Teach Self Love and Give a Child the Greatest Gift Possible

Teaching your child to love himself is the greatest gift you can give a child. If you could endow your child with just one thing, it should be this.

What’s the point of singing songs if they’ll never even hear you?
— Sufjan Stevens, Carrie &  Lowell

When we tie a child's activities to an evaluation of his performance (like when we say "good job" or "nice work"), we are removing his ability to judge his own work for himself. He begins to equate how good of a person he is with the verbal approval of others.

We reverse this effect when we teach children to evaluate their own work and put the results in perspective in comparison to the amount of effort it took to learn a skill or complete a project.

Some Amount of Self-Doubt and Humility are Normal

Every human has a few doubts about self-worth. It keep us humble and safe from taking risks that are too great. It comes along with the awareness of the abilities of others as we compare our own contributions to society. If the doubts consume us, they can lead to high stress, anxiety, and even depression. Dark. Lonely. Empty. Numb. Have you been there?

Maria Montessori makes no bones in The Secret of Childhood about how sensitive children are to their surroundings and how the actions of their caregivers can have lasting effects on their emotional stability as adults.

During her time, Freud's revelations about the connection between adult mental illness and childhood experiences were new and shocking. Montessori tells us:

"These childhood sufferings of a purely psychic order are slow and persistent, and they have never been recognized as causes of psychic illness in adults. They sprang from the repressions of a child's spontaneous activity by a dominating adult."

By teaching our children to look to us for affirmation rather than within themselves, are we not dominating them? 

We all have the Potential for Growth

Thanks to neuroscience, we now know that the human brain has an amazing capacity to heal itself - to rewire faulty habits, overcome traumas, and learn new skills to help change our futures. But it takes time and extraordinary effort on the part of the adult.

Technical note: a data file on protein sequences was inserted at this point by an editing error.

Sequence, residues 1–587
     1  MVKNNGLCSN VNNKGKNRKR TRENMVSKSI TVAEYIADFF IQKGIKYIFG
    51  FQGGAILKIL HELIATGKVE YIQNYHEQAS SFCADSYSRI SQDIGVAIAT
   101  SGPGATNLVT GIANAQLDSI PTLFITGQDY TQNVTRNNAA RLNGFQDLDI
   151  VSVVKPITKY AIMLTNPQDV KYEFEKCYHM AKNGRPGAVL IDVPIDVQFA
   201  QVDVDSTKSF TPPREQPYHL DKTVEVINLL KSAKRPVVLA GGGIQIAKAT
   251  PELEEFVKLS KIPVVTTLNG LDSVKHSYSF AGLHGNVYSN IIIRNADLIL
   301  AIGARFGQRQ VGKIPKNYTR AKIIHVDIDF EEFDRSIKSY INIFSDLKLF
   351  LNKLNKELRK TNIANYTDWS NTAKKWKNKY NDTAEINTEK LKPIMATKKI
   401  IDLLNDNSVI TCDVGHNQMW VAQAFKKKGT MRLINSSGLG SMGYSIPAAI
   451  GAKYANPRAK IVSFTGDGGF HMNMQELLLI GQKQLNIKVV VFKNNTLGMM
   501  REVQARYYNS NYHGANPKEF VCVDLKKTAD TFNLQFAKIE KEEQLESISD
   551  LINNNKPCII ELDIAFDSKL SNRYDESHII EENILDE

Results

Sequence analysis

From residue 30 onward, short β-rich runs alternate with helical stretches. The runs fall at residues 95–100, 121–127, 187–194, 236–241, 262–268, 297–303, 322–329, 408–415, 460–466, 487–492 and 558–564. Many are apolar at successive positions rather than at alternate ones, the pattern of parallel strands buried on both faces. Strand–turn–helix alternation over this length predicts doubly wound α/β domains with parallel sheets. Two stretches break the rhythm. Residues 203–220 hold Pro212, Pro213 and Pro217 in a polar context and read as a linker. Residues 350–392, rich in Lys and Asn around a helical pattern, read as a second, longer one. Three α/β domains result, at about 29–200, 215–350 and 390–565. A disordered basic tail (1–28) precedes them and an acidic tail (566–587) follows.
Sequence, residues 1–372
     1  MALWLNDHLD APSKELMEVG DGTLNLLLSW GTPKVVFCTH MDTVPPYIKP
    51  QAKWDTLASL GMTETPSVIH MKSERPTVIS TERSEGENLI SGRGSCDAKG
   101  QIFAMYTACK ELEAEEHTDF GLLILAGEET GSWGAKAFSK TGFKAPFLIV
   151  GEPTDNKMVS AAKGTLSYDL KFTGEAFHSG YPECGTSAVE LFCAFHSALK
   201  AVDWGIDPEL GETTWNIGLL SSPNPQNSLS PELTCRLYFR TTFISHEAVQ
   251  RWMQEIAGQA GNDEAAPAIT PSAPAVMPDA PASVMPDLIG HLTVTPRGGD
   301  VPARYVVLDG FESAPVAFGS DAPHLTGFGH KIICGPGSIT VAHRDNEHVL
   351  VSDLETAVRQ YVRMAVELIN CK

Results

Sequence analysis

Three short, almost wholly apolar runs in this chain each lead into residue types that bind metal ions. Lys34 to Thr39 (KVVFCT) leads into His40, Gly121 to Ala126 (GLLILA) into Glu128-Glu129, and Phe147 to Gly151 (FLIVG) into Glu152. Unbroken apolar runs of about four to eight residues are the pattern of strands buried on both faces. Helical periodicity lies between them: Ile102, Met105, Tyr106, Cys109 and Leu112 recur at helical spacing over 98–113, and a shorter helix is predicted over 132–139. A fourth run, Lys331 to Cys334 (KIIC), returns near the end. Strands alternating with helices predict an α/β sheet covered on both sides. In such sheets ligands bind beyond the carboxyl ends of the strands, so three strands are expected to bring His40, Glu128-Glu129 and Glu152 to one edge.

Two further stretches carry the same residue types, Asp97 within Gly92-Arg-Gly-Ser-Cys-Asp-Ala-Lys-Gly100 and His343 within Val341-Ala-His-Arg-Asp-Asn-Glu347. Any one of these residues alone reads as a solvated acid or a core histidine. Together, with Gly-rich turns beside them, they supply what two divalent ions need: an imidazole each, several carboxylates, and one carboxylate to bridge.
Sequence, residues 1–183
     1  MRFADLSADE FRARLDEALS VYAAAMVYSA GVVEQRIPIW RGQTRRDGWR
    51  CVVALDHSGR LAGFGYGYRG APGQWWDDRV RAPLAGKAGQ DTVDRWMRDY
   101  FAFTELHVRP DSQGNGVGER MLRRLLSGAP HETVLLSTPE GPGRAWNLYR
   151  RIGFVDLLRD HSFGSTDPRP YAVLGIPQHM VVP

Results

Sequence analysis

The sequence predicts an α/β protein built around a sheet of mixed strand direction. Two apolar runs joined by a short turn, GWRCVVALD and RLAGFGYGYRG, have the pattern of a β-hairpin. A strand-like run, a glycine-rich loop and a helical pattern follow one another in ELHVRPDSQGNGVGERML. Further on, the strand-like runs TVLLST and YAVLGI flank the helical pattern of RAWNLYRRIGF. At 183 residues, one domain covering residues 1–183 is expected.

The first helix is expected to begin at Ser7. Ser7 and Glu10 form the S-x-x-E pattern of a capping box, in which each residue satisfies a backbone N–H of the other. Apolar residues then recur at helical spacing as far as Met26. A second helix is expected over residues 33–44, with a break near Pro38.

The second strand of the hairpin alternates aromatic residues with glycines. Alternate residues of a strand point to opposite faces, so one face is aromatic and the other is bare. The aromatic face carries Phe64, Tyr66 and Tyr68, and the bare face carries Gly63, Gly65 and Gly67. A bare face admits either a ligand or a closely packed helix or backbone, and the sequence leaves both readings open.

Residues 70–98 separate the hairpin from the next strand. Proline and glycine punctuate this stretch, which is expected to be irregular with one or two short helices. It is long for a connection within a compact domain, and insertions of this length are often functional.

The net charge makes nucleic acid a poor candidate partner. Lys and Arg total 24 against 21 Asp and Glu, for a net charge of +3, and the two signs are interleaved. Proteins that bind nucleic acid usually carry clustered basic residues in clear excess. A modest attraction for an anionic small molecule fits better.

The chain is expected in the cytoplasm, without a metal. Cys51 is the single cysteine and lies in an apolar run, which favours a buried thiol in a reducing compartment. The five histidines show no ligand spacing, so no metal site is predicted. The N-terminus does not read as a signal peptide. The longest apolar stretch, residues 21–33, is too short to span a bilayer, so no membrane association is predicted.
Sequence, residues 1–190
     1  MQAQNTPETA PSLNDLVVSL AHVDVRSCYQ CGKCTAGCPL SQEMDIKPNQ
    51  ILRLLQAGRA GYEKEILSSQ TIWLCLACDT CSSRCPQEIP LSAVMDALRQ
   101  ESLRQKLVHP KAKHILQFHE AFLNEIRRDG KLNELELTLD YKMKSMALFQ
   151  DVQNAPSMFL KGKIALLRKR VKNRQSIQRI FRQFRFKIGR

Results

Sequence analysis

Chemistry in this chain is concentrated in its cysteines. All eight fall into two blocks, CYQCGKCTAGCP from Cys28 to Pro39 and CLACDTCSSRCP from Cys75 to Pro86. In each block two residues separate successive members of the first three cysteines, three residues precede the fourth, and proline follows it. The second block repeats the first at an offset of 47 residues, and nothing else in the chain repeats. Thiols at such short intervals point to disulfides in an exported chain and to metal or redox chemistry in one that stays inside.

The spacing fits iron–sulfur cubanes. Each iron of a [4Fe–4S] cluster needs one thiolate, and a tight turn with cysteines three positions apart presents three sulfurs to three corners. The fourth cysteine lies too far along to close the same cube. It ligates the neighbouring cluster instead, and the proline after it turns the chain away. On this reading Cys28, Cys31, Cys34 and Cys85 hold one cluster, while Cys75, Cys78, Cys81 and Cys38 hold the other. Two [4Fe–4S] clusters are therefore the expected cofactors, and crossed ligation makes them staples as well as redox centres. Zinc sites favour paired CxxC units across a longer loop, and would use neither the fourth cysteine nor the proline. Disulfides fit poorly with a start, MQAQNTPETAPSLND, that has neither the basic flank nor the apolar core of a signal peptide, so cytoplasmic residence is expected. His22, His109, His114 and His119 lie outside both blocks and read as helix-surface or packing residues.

For the child, learning is automatic, like breathing. Everything in the child's world is absorbed. When I close my eyes, I can hear voices from my childhood and feel the hugs.

We love you. We love you. We love you. 

You belong to us. 

We have always wanted you. 

You bring us joy. 

We are amazed by you, but not because of what you do - because you are you.

You can decide your own life for yourself. 

We believe in you. 

No matter what happens in life, we will always love you.

Do you know what a wonderful person you are? We do. Do you?

What matters most is what you think about yourself. 

We love you. We love you. We love you.

When I feel that twinge of self doubt creeping in, I can always hear those words in my head, and they ground me until I recover from my emotional state. What do the voices from your childhood say? Does it affect how you feel about yourself today? What can you learn from them?

If your own inner voice is not positive, what can you do to make sure your child's inner voice becomes positive?

Your Words Will Matter More Than You Know

The broken record of words you present to your child over and over will stay with him forever. When he picks up a guitar and starts to sing, don't just applaud, tell him the point of singing.

You sing to satisfy your soul. You are the one hearing you, and that's enough to justify any song.